Stuff from 2017

I wanted to try to make a nice ’17 things from 2017 post’ like other bloggers are doing, but I can only think of 14 highlights. Either that or I’ve forgotten some of the cool things I did! Either way, this post is a work in progress, so if you think I’ve missed something/we did something together that fits in, let me know!

2017 was a bit of a ‘meh’ year. It happened. I survived. I had some lovely times, I also had some pretty crappy ones. Here are some of the blog-worthy things my husband and I came up with while on the M25 this morning.

(In a random order, depending on when I thought of them)

  1. I started my Out With Animals blog. It’s a charity-based blog and you can read about why I started it in a lot of detail here. I looked a bit nuts to start off with, persuading my friends to take animals out and take photos of them to post to sick or vulnerable children, but I’m pretty proud of how far it’s come in less than a year.

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2) I learnt how to crochet. Pretty important it turned out for both my animals blog and my other venture this year! Here’s some of where I started:

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and here’s what I can do now!

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3) I decided that if I was sitting around crocheting all day, I may as well try to make some money from it. So I opened an Etsy shop and Facebook page. My small business doesn’t earn me loads of money and I’m never going to be a millionaire, but it funds my crochet hobby (obsession) and gives me a sense of purpose- I’m really liking the challenge. Search Ok Then What’s Next (or @okthenwhatsnext) on social media if you want to follow my pages 🙂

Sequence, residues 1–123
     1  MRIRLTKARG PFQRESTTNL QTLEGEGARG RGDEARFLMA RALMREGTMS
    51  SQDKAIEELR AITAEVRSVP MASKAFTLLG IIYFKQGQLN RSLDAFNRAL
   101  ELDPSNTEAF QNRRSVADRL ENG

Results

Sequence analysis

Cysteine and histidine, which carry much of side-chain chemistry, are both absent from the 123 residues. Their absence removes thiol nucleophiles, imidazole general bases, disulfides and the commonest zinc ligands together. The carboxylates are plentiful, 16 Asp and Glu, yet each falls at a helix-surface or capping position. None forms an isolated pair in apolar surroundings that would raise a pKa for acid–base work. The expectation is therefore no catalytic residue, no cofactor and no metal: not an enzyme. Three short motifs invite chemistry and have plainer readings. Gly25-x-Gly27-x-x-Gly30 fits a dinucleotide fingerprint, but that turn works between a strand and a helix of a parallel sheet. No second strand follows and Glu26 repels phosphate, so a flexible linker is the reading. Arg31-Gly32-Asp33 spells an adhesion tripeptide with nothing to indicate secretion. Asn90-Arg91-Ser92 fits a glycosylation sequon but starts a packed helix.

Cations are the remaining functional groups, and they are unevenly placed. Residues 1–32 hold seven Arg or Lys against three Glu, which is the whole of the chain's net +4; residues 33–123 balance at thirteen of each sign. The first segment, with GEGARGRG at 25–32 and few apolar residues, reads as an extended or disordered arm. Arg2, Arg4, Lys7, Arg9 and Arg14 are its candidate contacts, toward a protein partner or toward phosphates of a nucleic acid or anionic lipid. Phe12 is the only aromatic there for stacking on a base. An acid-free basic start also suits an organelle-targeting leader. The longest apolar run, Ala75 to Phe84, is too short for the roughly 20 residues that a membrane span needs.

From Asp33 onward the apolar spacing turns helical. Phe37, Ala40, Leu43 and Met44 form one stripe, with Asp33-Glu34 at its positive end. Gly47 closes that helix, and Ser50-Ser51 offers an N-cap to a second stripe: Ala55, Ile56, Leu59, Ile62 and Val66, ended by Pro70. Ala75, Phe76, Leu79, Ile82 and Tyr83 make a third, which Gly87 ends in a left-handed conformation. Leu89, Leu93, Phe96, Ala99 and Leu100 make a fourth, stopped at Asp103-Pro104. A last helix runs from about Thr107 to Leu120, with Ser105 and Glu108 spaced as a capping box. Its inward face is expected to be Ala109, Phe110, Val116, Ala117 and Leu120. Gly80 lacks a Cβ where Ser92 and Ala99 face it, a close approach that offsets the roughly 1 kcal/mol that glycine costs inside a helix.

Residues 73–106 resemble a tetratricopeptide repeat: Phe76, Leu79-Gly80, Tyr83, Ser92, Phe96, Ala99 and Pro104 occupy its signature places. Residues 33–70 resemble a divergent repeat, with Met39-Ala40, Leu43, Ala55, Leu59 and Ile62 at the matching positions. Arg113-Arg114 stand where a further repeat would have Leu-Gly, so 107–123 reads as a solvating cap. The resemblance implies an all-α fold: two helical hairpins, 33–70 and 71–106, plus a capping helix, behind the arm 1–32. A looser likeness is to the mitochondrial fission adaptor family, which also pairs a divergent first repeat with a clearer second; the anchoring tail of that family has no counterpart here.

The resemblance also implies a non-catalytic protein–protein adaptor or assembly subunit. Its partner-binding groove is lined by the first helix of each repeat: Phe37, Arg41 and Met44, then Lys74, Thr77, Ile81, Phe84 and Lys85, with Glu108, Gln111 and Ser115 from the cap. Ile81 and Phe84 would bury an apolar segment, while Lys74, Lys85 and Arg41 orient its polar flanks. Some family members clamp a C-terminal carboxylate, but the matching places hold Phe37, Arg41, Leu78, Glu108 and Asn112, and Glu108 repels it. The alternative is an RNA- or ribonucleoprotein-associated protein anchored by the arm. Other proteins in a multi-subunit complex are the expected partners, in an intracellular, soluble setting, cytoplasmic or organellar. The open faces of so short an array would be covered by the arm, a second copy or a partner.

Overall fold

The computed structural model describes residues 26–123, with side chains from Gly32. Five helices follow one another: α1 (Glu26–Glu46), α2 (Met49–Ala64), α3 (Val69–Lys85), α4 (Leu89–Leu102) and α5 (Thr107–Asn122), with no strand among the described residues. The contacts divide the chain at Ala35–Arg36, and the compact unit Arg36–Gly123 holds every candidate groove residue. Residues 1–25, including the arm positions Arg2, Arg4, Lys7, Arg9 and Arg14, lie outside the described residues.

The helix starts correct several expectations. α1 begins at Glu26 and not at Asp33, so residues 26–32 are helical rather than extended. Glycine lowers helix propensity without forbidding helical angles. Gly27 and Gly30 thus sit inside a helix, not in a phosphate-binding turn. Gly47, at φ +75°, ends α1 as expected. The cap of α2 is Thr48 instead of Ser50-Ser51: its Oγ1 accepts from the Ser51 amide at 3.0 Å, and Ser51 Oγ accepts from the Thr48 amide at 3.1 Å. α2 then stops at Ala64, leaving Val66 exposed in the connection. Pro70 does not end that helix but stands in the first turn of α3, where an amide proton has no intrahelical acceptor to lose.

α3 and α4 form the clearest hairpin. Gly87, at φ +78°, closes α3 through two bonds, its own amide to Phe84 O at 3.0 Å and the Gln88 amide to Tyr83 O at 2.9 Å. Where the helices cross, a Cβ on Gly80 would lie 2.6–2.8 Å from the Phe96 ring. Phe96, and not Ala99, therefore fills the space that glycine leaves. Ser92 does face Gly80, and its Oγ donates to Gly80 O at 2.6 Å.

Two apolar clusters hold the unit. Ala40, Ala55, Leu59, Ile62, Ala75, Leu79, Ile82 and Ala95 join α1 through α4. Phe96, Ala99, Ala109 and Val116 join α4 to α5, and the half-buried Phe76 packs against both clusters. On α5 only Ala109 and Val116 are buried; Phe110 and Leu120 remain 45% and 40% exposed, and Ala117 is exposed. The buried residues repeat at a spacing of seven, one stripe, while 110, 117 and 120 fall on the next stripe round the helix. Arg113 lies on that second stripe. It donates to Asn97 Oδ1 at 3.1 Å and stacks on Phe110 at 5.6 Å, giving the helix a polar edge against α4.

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4) I became an Auntie again! Now I have a niece and nephew and I really like spending time with them.

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5) I wrote a book. Which I self published, and then people actually bought it! Again, not lots of people, but it’s still pretty cool! Lots of people asked if my Out With Animals stories were available as a book, so I thought ‘why not?’. Plus it’s a great way for keeping the blog going- I can’t work so was getting a bit worried about how I was going to keep being able to afford to make and post animals, but selling the books means it kind of funds itself if people keep buying them. Send me a message via my social media @outwithanimals or through this blog if you want to order a copy 🙂

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6) Some posts I wrote about adrenal insufficiency on this blog got picked up, retweeted, shared and commented on by big charities either in the UK or the USA. I’ve also had messages from other patients saying how useful they’ve found it. I started it for that reason- when I got diagnosed I couldn’t find anything which told me how to actually live with the illness. So I’m glad it can help other people.

7) I volunteered at an endocrine conference. So I got to help with doctor/nurse education about adrenal insufficiency and addison’s disease. Plus I learnt a lot of new things too.

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8) I published some of my crochet patterns online. And people have downloaded them! I guess this means I can call myself a crochet designer now? I have a ravelry and etsy shop where you can download these from (also called Ok then What’s Next).

9) My husband and I went to 2 concerts at the Royal Albert Hall. Both were really good! We saw Harry Potter and the Philosopher’s Stone performed by a live orchestra and also the Piano Guys.

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10) I turned 30. And we had a ‘surprise’ party for it with lots of my friends. I hadn’t seen a lot of them for a long time so it made it extra special. Here’s a photo of my really tasty cake a friend made me: